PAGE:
Exploring the river, which cascades down to the Pacific, is the main self-guided activity here. (Its actual name is the Río Punta Mala, but the van Vliets decided Río Tico would be a more attractive name for their lodge.) It’s a delight for children and grown-ups alike. Stepping-stones allow guests to crisscross the river, searching for hidden pools to cool off in or huge, flat rocks to sunbathe on. There is also a bright blue, metallic bridge a little upriver that leads to Montañas La Esperanza, a private reserve with three kilometers of well-marked hiking trails, great for birding and catching scenic sunset views.

And if tents, no matter how luxurious, are still not your cup of tea, the main lodge has three modern, comfortable guest rooms, including one that is handicapped-accessible.

The Río Tico Safari Lodge story

This tent lodge sprung up almost by accident. Miranda and Cees (pronounced Case) van Vliet, from Holland, wanted a simpler, more integrated life for their young family, in a small, safe community.

Río Tico Safari Lodge 3

The owners, Miranda and Cees.

Dorothy MacKinnon

As a former military policeman, Cees was always on call and often didn’t see his sons, Rik and Thijs, in the evenings.

Miranda had been a tour leader in Central America, so their dream to live in another country brought them to Costa Rica, with the idea of running a small hotel.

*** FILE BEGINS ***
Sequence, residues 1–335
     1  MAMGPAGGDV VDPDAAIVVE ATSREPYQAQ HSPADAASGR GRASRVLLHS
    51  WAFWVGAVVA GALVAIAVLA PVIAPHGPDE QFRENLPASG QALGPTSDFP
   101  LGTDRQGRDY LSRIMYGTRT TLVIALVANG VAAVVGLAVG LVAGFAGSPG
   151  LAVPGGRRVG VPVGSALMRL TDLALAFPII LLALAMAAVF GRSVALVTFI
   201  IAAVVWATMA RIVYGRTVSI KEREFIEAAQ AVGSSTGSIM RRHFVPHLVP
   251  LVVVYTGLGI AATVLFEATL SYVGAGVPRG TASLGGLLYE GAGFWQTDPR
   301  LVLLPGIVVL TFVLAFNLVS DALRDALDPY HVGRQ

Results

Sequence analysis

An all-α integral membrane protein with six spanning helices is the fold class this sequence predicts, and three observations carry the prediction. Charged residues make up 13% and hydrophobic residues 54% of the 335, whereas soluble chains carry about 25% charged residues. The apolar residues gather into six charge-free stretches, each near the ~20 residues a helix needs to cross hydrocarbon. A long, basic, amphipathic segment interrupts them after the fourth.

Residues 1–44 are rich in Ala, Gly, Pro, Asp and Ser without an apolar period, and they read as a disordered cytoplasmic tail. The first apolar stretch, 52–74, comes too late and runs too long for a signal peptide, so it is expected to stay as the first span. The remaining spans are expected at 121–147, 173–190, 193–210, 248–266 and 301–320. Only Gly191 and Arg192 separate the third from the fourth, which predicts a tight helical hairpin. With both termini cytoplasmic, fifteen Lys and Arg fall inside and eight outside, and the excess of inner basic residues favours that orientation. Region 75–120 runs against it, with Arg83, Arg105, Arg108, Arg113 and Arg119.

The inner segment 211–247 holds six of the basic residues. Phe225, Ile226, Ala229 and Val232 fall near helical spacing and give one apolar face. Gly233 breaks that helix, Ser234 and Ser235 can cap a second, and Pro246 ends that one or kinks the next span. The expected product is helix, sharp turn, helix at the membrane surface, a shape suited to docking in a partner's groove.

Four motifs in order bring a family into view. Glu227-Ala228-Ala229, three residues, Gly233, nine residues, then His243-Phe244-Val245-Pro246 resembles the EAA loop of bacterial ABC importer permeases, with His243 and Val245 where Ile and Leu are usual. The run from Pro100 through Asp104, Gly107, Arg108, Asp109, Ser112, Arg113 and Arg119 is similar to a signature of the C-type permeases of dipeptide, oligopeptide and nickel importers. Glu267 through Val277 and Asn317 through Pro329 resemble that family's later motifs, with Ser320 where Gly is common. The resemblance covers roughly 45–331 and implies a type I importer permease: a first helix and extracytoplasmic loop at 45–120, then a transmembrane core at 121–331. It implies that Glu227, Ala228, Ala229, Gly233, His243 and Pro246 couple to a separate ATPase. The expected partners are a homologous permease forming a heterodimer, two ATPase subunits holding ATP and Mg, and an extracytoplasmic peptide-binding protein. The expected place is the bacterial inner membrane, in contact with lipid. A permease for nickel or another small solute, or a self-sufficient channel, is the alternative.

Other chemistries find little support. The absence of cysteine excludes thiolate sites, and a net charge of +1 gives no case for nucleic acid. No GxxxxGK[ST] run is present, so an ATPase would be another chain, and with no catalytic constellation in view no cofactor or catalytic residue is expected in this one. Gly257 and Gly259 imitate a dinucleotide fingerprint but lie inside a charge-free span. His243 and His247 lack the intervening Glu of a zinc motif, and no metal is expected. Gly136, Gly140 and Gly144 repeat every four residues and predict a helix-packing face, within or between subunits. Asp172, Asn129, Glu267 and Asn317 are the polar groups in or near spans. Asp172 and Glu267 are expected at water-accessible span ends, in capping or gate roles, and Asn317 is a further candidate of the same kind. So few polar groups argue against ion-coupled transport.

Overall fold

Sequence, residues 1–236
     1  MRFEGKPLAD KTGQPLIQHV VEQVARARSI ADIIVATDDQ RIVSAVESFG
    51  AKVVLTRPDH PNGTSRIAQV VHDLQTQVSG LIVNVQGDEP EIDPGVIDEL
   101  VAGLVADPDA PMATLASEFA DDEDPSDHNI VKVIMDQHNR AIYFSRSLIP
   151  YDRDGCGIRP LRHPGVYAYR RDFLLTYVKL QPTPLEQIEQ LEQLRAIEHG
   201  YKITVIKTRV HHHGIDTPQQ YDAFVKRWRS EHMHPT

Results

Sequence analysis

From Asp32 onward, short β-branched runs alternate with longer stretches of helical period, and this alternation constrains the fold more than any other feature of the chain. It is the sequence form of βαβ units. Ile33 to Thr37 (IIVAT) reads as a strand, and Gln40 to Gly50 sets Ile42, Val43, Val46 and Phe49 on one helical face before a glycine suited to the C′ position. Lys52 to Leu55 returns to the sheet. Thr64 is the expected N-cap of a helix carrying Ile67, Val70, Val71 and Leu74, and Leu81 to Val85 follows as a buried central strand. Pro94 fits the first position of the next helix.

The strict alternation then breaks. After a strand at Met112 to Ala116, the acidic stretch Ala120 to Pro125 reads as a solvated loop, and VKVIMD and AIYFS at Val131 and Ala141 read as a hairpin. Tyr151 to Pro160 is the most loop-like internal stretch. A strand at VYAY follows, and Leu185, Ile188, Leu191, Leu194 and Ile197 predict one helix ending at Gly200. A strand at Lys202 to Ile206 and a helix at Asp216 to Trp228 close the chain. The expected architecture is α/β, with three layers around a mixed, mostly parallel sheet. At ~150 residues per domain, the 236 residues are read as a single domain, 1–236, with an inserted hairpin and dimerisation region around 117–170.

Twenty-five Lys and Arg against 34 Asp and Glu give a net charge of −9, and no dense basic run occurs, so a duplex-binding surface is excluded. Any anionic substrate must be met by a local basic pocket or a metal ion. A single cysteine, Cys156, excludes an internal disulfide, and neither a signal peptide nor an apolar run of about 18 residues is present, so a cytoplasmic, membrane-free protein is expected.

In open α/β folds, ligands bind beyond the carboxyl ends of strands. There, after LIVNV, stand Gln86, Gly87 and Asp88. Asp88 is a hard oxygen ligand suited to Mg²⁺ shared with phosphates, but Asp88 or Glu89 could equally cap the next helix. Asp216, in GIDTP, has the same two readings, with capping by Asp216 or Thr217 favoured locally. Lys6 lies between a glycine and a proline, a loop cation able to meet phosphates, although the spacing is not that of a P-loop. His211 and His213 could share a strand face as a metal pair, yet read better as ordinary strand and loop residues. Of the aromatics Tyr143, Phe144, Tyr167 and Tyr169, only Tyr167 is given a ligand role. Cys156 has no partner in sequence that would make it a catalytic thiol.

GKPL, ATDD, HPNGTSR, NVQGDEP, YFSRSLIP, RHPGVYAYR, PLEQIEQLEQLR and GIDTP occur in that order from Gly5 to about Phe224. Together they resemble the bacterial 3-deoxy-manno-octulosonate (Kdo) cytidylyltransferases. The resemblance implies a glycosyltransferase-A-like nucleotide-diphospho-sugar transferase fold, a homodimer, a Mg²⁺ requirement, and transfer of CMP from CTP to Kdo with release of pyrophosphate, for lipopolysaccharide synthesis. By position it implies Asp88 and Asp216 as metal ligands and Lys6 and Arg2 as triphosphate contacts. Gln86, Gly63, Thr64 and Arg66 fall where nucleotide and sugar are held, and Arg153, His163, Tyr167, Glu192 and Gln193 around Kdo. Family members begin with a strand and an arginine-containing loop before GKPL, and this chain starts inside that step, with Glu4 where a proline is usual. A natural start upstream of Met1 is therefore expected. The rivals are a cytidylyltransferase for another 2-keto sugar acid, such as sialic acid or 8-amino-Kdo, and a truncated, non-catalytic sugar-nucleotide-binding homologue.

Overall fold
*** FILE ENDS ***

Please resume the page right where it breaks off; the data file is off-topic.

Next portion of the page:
They scoured the country in vain, looking for an affordable turn key hotel to buy. On the last day of their scouting trip, feeling very discouraged, they chanced upon Tilapias El Pavón, a family-run restaurant in Vergel de Punta Mala de Osa, a village of about 12 houses with two tilapia restaurants and a small furniture factory.

They started talking to Henry Mora, the restaurant owner,who said he had a nearby property on the river that he was selling.

Miranda and Cees immediately looked it over, sat down by the river, absorbed the scene, turned to each other and said, “Wow.” “When you both say ‘wow,’ that’s when you know you have found your place,” Cees says.

Instead of building cabins, they ordered tents over the Internet from a company in South Africa that supplies African game parks.

It took six months for the tents to travel from South Africa to Hamburg to Costa Rica’s  Caribbean port of Limón, where they were loaded onto trucks. The truck drivers dumped the bagged tents unceremoniously on the road in front of their lodge site, where they had already built the tent platforms and bathrooms.

“We had ordered only one frame, to save money,” Cees says,“and we hired a local metalworker to copy it and make the rest of the frames from galvanized steel.”

There were a few tense moments trying to figure out how to actually put up the tents, Miranda says. An anxious email to the tent manufacturers produced some hand-drawn assembly diagrams, and up went all nine tents.

In less than a year and a half, they were in business.

Going there

Río Tico Safari Lodge is in Vergel de Punta Mala de Osa. From the Costanera highway, the turnoff is 18 km south of Uvita, then 4 km up a dirt road. Rates are $34.50 per person, including breakfast. For information and reservations, call 8996-7935 or visit